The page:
Philippine President Rodrigo Duterte (C), accompanied by Transportation Secretary Arthur Tugade (R) and Defense Secretary Delfin N Lorenzana (L), claps at the end of Japan's coast guard drills in Yokohama, Japan October 27, 2016. REUTERS/Kazuhiro Nogi/Pool(reuters_tickers)
SINGAPORE (Reuters) - The Philippines told countries outside Southeast Asia on Monday not to use the region as "a proxy for their rivalry" as it wanted to preserve unity and establish a mechanism to resolve disputes in the South China Sea.
The Philippines is chairman of the 10-member Association of South East Asian Nations (ASEAN) this year and will host its annual meetings, some of which are joined by outside powers including China and the United States.
The issue of territorial disputes in the South China Sea pitting China against several Southeast Asian countries has in recent years emerged as a source of friction in the bloc.
Some ASEAN countries have taken positions on the issue in line with China, while others have been more suspicious of China's assertiveness, reflecting U.S. thinking.
Philippine defence minister Delfin Lorenzana told delegates from more than 20 countries at a security conference in Singapore that outside powers should not pursue their competition in the region.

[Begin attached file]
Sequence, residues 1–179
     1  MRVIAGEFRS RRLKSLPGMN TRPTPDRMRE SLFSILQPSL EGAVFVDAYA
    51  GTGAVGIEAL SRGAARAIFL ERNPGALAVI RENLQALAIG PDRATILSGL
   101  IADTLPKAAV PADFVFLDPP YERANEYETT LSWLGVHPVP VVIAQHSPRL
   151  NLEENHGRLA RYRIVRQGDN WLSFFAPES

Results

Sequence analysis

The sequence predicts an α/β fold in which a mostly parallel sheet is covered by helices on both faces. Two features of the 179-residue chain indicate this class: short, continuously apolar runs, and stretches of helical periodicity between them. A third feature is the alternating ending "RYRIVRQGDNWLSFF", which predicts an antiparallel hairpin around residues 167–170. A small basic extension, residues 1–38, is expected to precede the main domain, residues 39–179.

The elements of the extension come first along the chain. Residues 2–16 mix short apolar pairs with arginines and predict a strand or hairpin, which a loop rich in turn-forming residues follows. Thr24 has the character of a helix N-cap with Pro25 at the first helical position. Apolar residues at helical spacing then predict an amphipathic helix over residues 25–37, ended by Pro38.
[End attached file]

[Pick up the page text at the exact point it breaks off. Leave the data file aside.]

"As the host to the leaders of the U.S., China, Japan, Russia and India, we will have to remind our friends, firmly if necessary, not to use ASEAN as a proxy for their rivalry," Lorenzana said.
"We will reaffirm the unity and solidarity of ASEAN amidst this emerging super-power competition."
ASEAN is drawing up a code of conduct in the hope of making sure all claimants follow legal and diplomatic processes in settling territorial disputes.
Lorenzana said he hoped the code would provide the framework for lasting solutions to the disputes over the waters. About $5 trillion worth of goods passes through the South China Sea every year.
"We want a rules-based, lasting solution to this issue," he said.
China has built several artificial islands in the exclusive economic zone of the Philippines, which an arbitration tribunal last year ruled unlawful.
With billions of dollars of potential Chinese trade and investment at stake, the Philippines has a difficult balancing act in upholding its sovereignty claims while staying on the better terms President Rodrigo Duterte has established with historic rival China.
On Monday, China agreed to cooperate with the Philippines on 30 projects worth $3.7 billion focussing on poverty reduction, the two countries said after a meeting in Beijing.
It marked the first announcement from a two-day visit by a Philippine cabinet delegation to China that comes three months after President Rodrigo Duterte visited Beijing to pave the way for new commercial alliances.
Vietnam, Malaysia, Brunei and Taiwan also have claims in the waters.
(Reporting by Fathin Ungku; Additional reporting by Karen Lema in MANILA; Writing by Anshuman Daga; editing by Robert Birsel)